Where do GMOs come from?

We’ve heard many different ideas about GMOs over the years. Some people think they’re some new creation made in a lab, and others say they’re made with chemicals and syringes. We’ve even heard the term “Frankenfood” used to describe GMOs. So just how are GMO crops developed? Read on for a step-by-step guide to the process.

Step One: Identify a Helpful Trait
Plants get directions from their DNA for growth and development. DNA is made up of thousands of genes, so first, researchers look for a gene that delivers a desired trait, like the ability to resist harmful pests. One of the first GMO crops approved for commercial use was made from a naturally occurring soil bacterium called Bacillus thuringiensis. The gene produces a protein that kills European corn borer larva, a bug that poses a serious threat to corn plants.

Step Two: Find the Switch
Once they find the right gene, scientists choose specific “switches” or regulators so the genes are expressed in a way researchers want. Senthil says it’s like a lawn sprinkler system that is told when and where to turn on and off.

Step Three: Insert Gene Into Plant
After the switches have been identified, geneticists insert the gene into the plant, often using a machine called a gene gun. There are many methods researchers can use, but the goal is to transport the new gene and deliver it into the cell nucleus.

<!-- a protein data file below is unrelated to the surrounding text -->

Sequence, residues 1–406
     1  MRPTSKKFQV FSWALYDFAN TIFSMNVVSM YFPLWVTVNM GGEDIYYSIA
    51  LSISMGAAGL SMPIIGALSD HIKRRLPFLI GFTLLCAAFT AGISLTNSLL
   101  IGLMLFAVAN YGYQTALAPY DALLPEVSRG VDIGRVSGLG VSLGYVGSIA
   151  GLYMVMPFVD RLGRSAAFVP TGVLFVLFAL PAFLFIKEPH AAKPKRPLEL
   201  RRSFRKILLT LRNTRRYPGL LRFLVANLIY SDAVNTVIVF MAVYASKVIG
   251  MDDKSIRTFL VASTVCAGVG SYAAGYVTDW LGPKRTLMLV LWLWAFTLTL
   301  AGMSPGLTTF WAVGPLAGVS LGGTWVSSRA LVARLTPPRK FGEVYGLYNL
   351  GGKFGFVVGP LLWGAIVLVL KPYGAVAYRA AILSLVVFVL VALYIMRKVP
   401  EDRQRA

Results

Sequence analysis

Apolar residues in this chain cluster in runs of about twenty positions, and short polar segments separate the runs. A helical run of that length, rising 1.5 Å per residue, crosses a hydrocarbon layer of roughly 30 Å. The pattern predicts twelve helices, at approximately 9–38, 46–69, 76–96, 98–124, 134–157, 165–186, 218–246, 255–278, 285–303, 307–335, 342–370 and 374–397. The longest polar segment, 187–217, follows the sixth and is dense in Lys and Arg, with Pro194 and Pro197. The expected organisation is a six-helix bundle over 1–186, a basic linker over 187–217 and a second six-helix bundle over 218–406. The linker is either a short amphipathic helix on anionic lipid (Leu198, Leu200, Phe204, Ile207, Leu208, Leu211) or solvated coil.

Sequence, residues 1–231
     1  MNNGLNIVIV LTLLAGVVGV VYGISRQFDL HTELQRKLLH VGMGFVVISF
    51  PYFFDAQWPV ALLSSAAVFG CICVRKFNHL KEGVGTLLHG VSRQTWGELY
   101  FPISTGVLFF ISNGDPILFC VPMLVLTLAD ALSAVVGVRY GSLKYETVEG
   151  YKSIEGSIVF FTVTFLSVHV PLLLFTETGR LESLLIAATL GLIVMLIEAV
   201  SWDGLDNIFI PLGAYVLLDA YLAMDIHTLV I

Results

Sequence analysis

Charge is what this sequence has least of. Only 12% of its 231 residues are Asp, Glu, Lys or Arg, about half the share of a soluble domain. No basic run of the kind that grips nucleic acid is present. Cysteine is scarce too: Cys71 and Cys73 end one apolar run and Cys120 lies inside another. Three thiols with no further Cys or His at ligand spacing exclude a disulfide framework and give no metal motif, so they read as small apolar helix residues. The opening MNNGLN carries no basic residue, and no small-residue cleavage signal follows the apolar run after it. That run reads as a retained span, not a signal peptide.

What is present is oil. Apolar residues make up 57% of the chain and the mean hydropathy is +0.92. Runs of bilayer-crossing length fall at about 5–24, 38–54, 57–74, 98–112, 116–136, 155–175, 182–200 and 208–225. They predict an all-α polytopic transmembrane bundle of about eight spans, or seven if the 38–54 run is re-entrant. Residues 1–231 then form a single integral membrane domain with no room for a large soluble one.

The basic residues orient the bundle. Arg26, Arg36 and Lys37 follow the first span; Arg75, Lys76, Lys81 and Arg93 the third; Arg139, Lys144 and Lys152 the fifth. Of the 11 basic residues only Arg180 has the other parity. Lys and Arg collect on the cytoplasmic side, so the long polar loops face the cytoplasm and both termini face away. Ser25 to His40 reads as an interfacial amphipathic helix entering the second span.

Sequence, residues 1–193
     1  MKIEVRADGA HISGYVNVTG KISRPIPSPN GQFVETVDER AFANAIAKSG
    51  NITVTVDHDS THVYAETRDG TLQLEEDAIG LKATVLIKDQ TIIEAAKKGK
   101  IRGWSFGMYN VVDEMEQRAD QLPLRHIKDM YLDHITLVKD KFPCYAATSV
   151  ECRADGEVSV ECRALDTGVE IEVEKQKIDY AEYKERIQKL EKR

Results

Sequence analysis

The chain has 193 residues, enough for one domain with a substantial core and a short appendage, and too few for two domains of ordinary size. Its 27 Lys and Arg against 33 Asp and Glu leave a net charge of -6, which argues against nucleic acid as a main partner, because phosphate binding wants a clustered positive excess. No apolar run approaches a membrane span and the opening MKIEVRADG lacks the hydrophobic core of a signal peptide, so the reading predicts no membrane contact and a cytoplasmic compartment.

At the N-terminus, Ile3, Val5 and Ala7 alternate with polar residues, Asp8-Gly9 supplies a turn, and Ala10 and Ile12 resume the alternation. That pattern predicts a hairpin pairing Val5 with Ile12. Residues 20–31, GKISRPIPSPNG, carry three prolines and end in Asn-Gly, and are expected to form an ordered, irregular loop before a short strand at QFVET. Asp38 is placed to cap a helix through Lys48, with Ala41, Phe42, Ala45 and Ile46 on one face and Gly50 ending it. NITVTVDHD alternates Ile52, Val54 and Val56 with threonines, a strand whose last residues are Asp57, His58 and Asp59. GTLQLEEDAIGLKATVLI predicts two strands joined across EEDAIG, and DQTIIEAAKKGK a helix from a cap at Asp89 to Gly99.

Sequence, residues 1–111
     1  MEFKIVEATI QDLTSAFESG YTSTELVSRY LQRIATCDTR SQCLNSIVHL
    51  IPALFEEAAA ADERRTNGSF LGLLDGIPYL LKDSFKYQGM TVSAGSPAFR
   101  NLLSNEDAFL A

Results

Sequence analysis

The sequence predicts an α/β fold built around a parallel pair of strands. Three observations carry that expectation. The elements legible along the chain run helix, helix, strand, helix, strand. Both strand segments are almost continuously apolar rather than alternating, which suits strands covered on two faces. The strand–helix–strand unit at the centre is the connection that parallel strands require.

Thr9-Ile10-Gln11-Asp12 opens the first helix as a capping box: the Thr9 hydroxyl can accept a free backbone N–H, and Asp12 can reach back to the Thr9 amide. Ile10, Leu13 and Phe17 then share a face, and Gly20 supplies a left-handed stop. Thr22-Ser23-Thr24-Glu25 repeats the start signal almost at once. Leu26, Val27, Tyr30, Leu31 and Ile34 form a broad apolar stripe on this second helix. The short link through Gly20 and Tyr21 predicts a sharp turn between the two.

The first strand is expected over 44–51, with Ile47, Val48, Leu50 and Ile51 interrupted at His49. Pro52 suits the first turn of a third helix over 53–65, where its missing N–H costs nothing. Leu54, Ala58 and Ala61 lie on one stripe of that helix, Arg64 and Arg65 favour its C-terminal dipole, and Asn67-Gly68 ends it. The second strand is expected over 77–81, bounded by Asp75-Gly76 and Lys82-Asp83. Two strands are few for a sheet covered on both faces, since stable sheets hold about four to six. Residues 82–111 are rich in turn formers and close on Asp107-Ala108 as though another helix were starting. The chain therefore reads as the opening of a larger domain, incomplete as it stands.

Step Four: Plant Growth
Once the traits have been inserted and the plant grows, the seeds it produces will contain the new genes. Those seeds are then planted and grown in a specialized greenhouse or in other controlled environments.

Step Five: Obtain Approval
If a new variety shows promise, the plant needs to get USDA, FDA and EPA approval before it can be grown commercially. On average, every GMO plant is tested for 13 years before it is approved for farmers to use. The approval process is rigorous and includes testing on birds, mammals, beneficial insects, fish, frogs and other organisms to ensure the crops are safe and have no adverse effects.

All scientific, peer-reviewed research by independent and government health organizations shows that GMOs are safe for people, animals and the environment, and that GMO foods are just as nutritious as their non-GMO counterparts. You can rest assured that whatever food choice you make, it will be a safe one for you and your family.

There you have it. No Frankenfoods, no syringes, no creations from the lab, just precision plant breeding. What questions do you have about GMOs? Leave them for us in the comments and check out these links for more information:

USDA Biotechnology FAQs
GMOs 101: What you need to know
New Report Supports GMO Safety

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